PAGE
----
The critical elements of good writing were drummed into us by our high school English teacher. “Content, style and presentation,” Mr. DeSousa would say over and over again. They are universal and evident in the list of best sellers of the New York Times, in the articles of leading columnists of the global newspapers, and in blockbuster movies of the modern era. The elements are orchestrated with the audience at the heart and centre of the effort, intending to strike at their heart strings by connecting to their hopes, dreams and fears, and using language that they are accustomed to.
They also cut across platforms and are tried and tested; from the divinely inspired Holy Bible, to the literal masterpieces of Chaucer and Shakespeare, and the top billing film producers like Stephen Spielberg, Quentin Tarantino and Christopher Nolan. No doubt they are at play in the musical productions of the most viewed videos on YouTube including those by Psy, Justine Bieber and Eminem and evidently the majority are pleased by what appears to be a genuine expression in art and philosophy.
McLuhan, the author of The Medium is the Message, said that as the unity of the modern world becomes increasingly a technological rather than a social affair, the techniques of the arts provide the most valuable means of insight into the real direction of our own collective purposes.
At the last Eat and Tweet event at the British High Commissioners residence, I was chastised by the guests for suggesting that the purpose of the social graph that defines a new course for journalism and news consumption, was to uncover the truth. Rather they were convinced that the essence of it was freedom of expression. From content that is highly consumed online, it appears that people are seeking a genuine self expression and that overtly commercial activity is rejected. I feel that I am representing the majority when I thank YouTube for incorporating the ‘skip ad in 5 seconds’ option prior to watching videos.
Statistics show that people in the West disdain commercials and there is a higher tolerance for ads in Africa mainly because we see them as a source of information. The stats point in the direction that marketing communication is headed — away from the hard sell and towards the pull-factor.
At the Broadcast & Film Africa Conference in Nairobi a few years ago, film producers and techies proudly declared that content is king. At that time I had conflicting ideas because from a business development perspective we knew that the customer is king, and from a business operations view, our company chairman insisted that cash was king. I have since converted as it is clear that global advertisers are shifting from traditional advertising techniques to managing content across multiple channels. Video has risen to the top of the pile propelled by the ability of smartphones to deliver high-density video.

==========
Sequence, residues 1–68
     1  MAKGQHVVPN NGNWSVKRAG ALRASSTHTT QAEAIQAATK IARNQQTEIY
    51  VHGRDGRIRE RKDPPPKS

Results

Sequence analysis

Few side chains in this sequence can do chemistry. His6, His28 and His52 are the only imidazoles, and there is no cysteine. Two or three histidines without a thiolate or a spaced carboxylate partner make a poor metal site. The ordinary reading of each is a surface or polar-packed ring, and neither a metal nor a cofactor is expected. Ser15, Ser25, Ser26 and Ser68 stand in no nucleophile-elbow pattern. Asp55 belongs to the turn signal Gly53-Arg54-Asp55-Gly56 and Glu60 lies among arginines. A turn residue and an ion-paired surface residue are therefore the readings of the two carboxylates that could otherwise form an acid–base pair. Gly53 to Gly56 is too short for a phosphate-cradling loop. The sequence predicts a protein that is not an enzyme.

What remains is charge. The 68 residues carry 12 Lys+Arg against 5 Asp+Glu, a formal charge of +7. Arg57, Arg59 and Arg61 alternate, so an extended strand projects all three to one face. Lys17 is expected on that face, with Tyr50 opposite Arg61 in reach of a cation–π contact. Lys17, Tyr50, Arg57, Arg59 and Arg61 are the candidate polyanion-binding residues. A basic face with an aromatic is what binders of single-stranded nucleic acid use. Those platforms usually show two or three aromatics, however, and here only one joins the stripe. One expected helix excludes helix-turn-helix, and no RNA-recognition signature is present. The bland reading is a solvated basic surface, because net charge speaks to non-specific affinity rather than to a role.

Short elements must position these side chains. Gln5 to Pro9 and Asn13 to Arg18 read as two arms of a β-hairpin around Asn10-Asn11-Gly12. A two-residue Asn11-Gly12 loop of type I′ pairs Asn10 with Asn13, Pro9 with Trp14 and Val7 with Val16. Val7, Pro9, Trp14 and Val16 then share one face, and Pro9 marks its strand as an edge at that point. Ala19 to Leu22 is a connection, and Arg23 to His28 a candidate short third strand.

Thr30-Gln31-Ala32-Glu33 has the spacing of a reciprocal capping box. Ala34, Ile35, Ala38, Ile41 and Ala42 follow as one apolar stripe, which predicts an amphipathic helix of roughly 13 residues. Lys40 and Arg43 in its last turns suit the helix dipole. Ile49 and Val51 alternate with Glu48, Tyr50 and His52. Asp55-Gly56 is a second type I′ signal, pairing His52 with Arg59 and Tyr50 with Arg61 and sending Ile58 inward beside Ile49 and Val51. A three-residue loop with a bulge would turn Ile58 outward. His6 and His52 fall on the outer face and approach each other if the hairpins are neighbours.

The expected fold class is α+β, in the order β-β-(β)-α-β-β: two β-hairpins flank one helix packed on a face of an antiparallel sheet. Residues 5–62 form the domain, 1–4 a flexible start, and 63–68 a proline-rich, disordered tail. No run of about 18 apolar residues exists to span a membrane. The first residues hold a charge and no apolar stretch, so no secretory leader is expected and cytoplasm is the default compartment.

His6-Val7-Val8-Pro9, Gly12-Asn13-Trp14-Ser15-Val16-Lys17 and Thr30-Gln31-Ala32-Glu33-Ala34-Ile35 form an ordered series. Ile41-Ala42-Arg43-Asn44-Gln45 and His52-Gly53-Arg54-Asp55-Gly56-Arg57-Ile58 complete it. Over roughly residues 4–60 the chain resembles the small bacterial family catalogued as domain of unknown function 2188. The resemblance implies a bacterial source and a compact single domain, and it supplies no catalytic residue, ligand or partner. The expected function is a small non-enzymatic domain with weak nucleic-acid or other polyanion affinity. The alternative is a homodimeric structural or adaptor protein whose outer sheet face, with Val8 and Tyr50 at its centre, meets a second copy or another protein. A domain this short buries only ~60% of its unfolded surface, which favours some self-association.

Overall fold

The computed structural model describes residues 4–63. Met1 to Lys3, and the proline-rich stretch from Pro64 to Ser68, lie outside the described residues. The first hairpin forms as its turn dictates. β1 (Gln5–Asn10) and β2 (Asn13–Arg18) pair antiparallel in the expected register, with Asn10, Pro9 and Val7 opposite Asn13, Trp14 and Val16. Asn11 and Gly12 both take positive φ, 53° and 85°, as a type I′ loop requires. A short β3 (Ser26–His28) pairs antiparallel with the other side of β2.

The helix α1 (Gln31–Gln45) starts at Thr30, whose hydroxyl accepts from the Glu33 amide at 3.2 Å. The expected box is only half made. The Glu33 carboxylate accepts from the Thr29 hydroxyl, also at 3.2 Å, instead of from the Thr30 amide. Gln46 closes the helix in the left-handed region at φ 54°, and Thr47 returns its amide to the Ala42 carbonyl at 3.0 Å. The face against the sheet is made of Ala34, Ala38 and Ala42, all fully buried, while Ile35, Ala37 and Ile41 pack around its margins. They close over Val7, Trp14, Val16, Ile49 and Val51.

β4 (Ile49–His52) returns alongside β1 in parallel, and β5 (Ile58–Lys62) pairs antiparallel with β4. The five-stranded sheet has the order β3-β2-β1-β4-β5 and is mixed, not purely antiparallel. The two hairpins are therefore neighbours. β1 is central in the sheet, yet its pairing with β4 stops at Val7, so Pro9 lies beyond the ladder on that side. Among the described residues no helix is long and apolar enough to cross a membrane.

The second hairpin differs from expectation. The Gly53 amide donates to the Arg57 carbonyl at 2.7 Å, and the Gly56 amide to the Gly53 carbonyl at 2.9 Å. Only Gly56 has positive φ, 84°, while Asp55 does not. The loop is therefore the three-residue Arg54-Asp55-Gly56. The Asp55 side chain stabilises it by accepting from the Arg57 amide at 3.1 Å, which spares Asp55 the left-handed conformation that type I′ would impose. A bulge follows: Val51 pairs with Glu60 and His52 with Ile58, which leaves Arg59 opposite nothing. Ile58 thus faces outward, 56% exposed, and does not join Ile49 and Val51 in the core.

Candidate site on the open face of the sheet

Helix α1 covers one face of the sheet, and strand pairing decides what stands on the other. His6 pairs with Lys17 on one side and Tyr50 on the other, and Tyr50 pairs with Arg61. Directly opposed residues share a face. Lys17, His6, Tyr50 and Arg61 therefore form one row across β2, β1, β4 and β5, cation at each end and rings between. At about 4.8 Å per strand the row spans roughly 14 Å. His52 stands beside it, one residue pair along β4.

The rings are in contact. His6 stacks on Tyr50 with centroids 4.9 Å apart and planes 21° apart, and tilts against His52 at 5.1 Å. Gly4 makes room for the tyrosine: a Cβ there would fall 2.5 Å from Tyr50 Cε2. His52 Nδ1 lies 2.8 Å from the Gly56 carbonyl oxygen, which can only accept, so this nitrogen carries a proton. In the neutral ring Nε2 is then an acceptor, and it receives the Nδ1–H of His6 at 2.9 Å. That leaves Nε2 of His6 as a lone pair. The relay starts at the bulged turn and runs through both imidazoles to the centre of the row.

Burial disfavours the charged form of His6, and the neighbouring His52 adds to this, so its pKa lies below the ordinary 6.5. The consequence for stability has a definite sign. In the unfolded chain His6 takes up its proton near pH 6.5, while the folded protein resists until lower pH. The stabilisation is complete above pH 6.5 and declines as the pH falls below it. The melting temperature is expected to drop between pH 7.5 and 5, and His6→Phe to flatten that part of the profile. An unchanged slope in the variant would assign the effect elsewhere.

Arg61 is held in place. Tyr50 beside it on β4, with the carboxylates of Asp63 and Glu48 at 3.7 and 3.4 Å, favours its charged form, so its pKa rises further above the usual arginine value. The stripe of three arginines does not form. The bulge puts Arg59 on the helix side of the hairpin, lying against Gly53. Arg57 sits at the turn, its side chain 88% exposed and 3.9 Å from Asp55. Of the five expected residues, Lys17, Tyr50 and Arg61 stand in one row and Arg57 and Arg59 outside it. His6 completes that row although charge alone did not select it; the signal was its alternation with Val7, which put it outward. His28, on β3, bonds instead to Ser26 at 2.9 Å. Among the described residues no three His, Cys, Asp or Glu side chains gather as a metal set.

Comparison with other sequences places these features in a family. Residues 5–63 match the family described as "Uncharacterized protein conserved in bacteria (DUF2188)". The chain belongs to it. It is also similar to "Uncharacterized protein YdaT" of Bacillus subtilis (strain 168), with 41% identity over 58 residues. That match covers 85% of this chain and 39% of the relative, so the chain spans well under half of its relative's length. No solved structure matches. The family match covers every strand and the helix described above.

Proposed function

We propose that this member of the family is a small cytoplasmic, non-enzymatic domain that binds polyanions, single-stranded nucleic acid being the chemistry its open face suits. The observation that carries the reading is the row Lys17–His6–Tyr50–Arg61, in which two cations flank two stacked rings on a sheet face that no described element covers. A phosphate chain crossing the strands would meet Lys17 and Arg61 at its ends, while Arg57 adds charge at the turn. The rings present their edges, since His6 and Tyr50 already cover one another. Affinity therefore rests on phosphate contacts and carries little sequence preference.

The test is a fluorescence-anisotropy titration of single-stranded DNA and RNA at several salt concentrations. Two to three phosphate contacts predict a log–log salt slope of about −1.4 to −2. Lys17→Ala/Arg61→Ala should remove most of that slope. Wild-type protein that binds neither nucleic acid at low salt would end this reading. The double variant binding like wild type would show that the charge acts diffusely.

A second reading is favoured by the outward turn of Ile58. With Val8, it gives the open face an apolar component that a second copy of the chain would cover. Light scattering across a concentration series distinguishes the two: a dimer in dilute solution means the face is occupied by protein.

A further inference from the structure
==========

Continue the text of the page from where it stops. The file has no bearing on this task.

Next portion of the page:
It’s hard enough to get a suitable budget for producing TV commercials in Kenya, and those companies that have invested in great ads have had impressive ROI. It’s even harder to get a video production budget for online advertising as a majority of advertisers dip their toes into the pool to test temperatures before they apply substantial sums for this.
They style, tone and manner used by organisations determine the type of engagement they generate from fans, followers and connections. Typically the broadcast type of posts yield little engagement and fail to take full advantage of the interactive nature of social media. Companies that insist on posting unedited press releases, photos of their staff meeting important people and images from the product catalogues fall in this category. On the other hand, organisations that inject a suitable personality into their social media activity and nurture it through consistency of voice, a sense of empathy and a natural responsiveness tend to leverage on two-way flow of web 2.0.
You don’t get a second chance to make a first impression and your presentation is the the initial contact consumers have with your brand, unless your reputation precedes you. The common phrase ‘different strokes for different folks’ comes to mind because heterogeneous audience groups have disparate and distinct expectations in order to engage and react appropriately. Engineers seek detail, logic and pragmatism while bankers like dashboards and infographics; Americans want conclusions while Europeans are more interested in process; the mature are interested in wellbeing and juniors prefer emojis.
Opportunities for new methods of communication come with new media, but in the final analysis, the traditional rules of writing apply universally. You’ll get the best results when you pay attention to content, style and presentation.